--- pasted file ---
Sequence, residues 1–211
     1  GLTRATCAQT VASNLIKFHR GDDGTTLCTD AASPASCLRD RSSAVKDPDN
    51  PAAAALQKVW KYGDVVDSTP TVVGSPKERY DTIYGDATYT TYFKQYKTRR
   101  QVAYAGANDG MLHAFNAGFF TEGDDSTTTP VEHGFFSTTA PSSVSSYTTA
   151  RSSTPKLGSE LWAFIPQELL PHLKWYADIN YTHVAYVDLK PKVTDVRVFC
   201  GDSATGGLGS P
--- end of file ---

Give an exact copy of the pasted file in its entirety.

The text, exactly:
Sequence, residues 1–211
     1  GLTRATCAQT VASNLIKFHR GDDGTTLCTD AASPASCLRD RSSAVKDPDN
    51  PAAAALQKVW KYGDVVDSTP TVVGSPKERY DTIYGDATYT TYFKQYKTRR
   101  QVAYAGANDG MLHAFNAGFF TEGDDSTTTP VEHGFFSTTA PSSVSSYTTA
   151  RSSTPKLGSE LWAFIPQELL PHLKWYADIN YTHVAYVDLK PKVTDVRVFC
   201  GDSATGGLGS P